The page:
Glider pilots and builders from Starkville and across the country joined Mississippi State officials Nov. 1 to dedicate the university's Raspet Flight Research Laboratory as a National Landmark of Soaring.
The dedication ceremony at Starkville's Bryan Field airport designated the flight lab as one of only 13 such sites established nationwide since 1980 by the National Soaring Museum. The ceremony recognized a half century of motorless flight history at Raspet, now the only soaring landmark site in the Southeast.
"It's a wonderful facility with a wonderful history and a wonderful future," said Tony Vizzini, head of MSU's department of aerospace engineering. The department serves as the lab's administrative home.
"We have a jewel here and an opportunity to educate our students in true flight," added Vizzini, who was joined as a program participant by MSU Interim Vice President for Research Jonathan Pote and A. Wayne Bennett, dean of the university's Bagley College of Engineering.
The plaque officially marking the soaring landmark pays homage to the late August Raspet for his "pioneering drag reduction and suction boundary layer research." Raspet founded and led the MSU flight research program from 1947 until his death in a 1960 plane crash at the same airfield.
"For over 50 years, this flight research laboratory has fostered improvements in sailplane design," said Raspet's son David, who also participated in the ceremony. Now residing in Fountain Valley, Calif., David Raspet is a 1962 MSU graduate.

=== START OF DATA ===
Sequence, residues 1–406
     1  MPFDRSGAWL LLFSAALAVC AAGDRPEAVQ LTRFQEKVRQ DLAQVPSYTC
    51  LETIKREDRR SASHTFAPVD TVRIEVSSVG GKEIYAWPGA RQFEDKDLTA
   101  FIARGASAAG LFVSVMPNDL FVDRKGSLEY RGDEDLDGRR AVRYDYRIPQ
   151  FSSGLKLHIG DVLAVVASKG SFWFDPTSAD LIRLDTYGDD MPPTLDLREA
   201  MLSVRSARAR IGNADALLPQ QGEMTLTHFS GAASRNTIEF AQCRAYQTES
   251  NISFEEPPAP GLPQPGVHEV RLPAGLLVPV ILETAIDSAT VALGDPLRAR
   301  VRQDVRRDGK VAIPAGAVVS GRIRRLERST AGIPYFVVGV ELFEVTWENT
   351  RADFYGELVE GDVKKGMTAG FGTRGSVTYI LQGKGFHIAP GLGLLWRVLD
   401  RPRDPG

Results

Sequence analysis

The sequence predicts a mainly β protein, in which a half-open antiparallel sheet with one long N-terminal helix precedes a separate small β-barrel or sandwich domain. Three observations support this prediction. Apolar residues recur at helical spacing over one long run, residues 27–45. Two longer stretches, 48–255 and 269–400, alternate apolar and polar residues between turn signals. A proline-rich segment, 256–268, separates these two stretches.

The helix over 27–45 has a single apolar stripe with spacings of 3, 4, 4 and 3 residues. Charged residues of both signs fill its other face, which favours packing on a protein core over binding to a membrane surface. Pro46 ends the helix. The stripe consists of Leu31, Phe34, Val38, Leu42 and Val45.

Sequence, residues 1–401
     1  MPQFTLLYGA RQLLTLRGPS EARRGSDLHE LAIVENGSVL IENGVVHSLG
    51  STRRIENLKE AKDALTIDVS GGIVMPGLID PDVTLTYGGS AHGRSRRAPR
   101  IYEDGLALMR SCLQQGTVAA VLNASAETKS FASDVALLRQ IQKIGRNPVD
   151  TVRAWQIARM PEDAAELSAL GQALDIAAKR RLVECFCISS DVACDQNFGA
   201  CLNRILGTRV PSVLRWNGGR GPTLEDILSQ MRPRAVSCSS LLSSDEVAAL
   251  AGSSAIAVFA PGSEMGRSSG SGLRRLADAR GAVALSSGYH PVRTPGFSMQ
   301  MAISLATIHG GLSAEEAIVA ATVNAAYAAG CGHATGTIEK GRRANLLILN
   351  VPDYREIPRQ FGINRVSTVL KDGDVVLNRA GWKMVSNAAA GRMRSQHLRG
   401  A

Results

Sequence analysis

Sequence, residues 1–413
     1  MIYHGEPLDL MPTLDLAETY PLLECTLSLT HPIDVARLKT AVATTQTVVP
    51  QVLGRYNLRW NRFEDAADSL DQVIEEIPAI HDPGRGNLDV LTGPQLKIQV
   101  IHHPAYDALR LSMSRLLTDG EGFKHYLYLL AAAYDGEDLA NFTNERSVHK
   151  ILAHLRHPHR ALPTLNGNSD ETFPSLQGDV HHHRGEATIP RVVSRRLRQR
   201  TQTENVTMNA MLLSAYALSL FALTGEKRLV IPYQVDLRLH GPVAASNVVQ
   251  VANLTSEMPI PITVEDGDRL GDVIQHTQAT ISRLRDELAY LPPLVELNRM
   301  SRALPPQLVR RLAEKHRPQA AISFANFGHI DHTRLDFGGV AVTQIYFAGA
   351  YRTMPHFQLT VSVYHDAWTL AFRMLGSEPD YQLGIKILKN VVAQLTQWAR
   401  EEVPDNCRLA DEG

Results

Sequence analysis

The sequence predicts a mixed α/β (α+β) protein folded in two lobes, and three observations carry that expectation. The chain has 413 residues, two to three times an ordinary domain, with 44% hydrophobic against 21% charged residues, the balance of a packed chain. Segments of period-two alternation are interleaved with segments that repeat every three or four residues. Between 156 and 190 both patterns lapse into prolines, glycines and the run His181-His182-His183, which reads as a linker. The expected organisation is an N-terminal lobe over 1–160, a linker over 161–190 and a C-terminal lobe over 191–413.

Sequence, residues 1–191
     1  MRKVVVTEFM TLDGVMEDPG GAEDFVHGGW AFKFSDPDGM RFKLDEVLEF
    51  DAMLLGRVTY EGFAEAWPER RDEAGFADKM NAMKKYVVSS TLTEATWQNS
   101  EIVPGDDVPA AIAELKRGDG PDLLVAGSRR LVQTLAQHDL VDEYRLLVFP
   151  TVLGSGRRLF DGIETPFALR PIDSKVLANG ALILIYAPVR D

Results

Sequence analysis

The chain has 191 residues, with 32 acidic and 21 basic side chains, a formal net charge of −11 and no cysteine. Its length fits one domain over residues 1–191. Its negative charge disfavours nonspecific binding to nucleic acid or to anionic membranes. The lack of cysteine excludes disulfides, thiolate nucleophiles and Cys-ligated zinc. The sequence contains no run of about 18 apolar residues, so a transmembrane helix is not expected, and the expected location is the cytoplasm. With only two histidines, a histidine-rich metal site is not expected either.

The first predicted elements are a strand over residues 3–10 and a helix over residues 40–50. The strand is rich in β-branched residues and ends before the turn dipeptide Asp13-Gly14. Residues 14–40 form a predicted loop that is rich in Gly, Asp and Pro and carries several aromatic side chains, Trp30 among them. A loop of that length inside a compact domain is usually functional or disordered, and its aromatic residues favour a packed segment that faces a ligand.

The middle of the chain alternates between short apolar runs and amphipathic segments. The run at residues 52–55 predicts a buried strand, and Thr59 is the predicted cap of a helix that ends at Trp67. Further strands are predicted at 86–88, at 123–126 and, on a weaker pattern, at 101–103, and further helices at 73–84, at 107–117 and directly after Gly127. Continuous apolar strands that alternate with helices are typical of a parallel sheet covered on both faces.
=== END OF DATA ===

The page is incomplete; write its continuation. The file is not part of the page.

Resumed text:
Flight laboratory director David Lawrence served as master of ceremonies for the event. Other program participants included Robert Gaines, president of the National Soaring Museum in Elmira, N.Y.; and representatives of the Soaring Society of America and Vintage Sailplane Association. Former flight director George Bennett was among a number of soaring luminaries who participated in a roundtable discussion of Gus Raspet's contributions to the sport later in the afternoon.
Paul MacCready of Pasadena, Calif., internationally known as the "father of human-powered flight," was the scheduled keynote speaker for an evening banquet. Morning activities featured the flight of a vintage sailplane piloted by Bob Ball, with Katherine Wood of the U.S. Postal Service as a passenger. The plane landed 30 minutes after take-off carrying special postmarked mail.